Finally, we entered the first floor of the two-story hotel as usual. But today, as we stood in the doorway of the hotel, we heard ungodly, guttural sounds, banging of walls, and strange utterances coming from bedrooms on the second floor that were obviously from something alive or undead— sounds we had never heard before.

We were out of there. We were not about to go up to investigate. We ran all the way home. Breathless after the long run, we were so excited and full of imagination that we were hardly able to talk, let alone describe what had happened. We could not convince anyone at home to come back with us to investigate what we had encountered. In fact, we were told, “If you kids cannot come back without these wild stories, you cannot go exploring in Herman anymore.” And we were okay with that, because we were not going back unless someone else came with us.

Three or four days went by. One day, we heard our neighbor from a ranch on the other side of Herman out in the yard talking to Dad, saying, “Gee, I cannot figure out what has happened to my pig.” I thought, “What?” We did not know anyone in the valley had a pig. We were not raising pigs, so we did not know anything about pigs. But it occurred to me that the noises we had heard could have been made by his pig.

So I went out into the yard to say, “Maybe I know where your pig is.” The neighbor was anxious to check it out. With an adult at the ready, we went with him to see what indeed had made the sounds. The neighbor opened the downstairs building door, and there was total silence. We walked up the stairs, still no sounds. We looked room by room until we got to a door that would not open. It was blocked by a very dead, very large, smelly, rotting pig.

In hindsight, the pig must have been stuck in the building when it heard us talking, days earlier. The pig’s antics, heavy breathing, snorting, and banging must have been its cry of, “Help me,” and “Free me.” It was just the worst Halloween scenario. I was only eleven or twelve years old, but I think even an adult would have been unnerved by the sounds we heard. There was nothing to be done but leave the dead pig there. Our grand hotel for adventure and play smelled of rotting pig flesh for years after that. Our favored last stop of a day at Herman was ruined almost forever. Even after the pig’s flesh was completely gone, the floor remained stained by the decomposed body. Once the pig had died, it was a contaminated place to us. We did not go there much anymore.


My early explorations of Herman led to continued curiosity about other ghost towns. My brother and I trekked to Caribou City, which was already a ghost town by the time we lived in the area. Caribou City was an all-day trek that we had to talk our parents into. They were game to go to Caribou City as a family about once a year. You could really only get there with a high-clearance pickup truck, and only during the summer. Today, in the twenty-first century, the skeletons of the town have been so picked apart that the only visible remains are from mining—the gravel and placer piles. The hillsides were created by the placer mining and the deforested mountainsides that had been cleared so a town site could exist. There were a lot of scars left on the land. Now they have mostly healed, but it has taken more than a hundred years. There are a few locations where pipes that carried water for the placer operation are still visible. Basically, the mining remnants have been pilfered and carried off to homes across the country, placed in people’s gardens or hung on den walls, or sold for scrap. What started out as a vibrant 1800s mining town is now a part of the Caribou-Targhee National Forest, which was established in 1891 and occupies about three million acres. I grew up hiking in and around a national forest that was only sixty years old. I also explored the lake across the road from Herman. Grays Lake is 22,000 acres of marsh with hardstem bulrushes, cattails, and marsh flowers. It is the largest such marsh in America. Think of a wide valley that is lushly green with flowers blooming in the spring and still typically light green-beige by fall, in contrast to the brown late-summer colors of the rest of southeastern Idaho.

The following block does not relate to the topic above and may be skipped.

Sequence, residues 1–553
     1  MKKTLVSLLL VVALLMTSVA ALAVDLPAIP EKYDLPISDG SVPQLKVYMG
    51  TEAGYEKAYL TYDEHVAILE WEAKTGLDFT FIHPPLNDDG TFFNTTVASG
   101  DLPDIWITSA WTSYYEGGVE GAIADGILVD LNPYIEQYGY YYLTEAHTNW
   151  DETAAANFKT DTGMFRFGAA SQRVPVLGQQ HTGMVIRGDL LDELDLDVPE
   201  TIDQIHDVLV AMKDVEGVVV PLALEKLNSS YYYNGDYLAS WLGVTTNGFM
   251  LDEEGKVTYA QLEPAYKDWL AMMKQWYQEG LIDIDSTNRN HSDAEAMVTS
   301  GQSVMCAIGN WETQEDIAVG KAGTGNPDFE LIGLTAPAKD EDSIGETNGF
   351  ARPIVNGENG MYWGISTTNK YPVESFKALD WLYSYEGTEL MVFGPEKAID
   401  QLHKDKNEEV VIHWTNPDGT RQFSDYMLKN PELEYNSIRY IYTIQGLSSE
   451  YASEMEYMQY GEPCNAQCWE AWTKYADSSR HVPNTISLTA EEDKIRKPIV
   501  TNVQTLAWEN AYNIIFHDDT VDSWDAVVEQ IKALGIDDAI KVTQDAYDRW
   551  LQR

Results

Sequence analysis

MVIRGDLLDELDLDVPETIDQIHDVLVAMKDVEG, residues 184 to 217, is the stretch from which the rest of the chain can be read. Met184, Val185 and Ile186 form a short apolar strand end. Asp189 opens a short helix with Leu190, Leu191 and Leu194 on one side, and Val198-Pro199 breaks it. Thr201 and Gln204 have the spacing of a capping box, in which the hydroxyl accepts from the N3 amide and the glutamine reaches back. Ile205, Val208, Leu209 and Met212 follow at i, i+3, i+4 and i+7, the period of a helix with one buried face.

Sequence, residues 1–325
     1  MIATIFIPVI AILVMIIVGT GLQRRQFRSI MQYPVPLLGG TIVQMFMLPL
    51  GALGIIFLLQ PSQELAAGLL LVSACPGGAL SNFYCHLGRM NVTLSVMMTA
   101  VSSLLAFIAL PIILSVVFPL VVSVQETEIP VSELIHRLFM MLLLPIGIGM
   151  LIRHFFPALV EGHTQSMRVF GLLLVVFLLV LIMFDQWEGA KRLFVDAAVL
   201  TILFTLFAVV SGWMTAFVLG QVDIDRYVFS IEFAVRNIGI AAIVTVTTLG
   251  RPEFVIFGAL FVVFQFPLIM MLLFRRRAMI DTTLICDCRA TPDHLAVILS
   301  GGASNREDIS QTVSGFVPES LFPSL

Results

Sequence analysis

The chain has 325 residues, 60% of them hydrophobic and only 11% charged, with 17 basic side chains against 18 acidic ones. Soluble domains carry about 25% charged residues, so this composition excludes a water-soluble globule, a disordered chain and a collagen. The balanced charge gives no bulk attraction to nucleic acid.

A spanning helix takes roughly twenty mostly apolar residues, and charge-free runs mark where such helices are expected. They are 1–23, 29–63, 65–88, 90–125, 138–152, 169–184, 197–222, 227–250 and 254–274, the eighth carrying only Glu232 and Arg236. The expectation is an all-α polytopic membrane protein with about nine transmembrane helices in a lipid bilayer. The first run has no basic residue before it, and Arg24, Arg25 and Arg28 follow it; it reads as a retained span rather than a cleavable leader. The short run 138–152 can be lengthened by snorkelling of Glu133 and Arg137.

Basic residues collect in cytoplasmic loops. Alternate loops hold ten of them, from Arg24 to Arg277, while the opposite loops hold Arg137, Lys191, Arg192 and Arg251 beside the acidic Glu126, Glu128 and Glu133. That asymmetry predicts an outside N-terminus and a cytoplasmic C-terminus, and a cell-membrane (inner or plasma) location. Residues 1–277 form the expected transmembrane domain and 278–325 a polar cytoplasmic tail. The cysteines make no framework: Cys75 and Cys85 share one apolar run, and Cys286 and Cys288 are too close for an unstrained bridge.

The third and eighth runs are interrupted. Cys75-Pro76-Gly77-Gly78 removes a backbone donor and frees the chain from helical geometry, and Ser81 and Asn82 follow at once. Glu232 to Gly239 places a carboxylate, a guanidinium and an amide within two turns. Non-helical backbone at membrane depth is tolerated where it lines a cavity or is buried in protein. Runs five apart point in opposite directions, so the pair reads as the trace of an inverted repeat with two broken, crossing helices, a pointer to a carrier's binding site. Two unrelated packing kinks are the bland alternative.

One of our neighbors, German-Swiss immigrant Fred Brinsinger, owned a mining claim on Caribou Mountain. I would go over and work with him from time to time. He looked like Abraham Lincoln with chiseled and gnarled features. He had obviously worked very hard in his life. He had numerous mining claims on Caribou Mountain. He had worked so hard, yet did not have much to show for it. He was an inveterate miner. He spent his earnings from farming and ranching looking for gold by tunneling into the mountain. The Monte Cristo (Christ’s Mountain) was the name he dubbed his mining pursuits. At the time I was helping him, the mine tunnel was about 700 feet into Caribou Mountain. Miners know the risks and try to build mines safely for themselves, so they can stay alive another day. It is one thing to go on a mine tour and another to be whacking on the rocks. At night, my family would talk about Fred’s dreams and why he was mining. I think in his case it was not so much about becoming rich—it was about the hunt and the discovery. Looking for that elusive mother lode was the goal.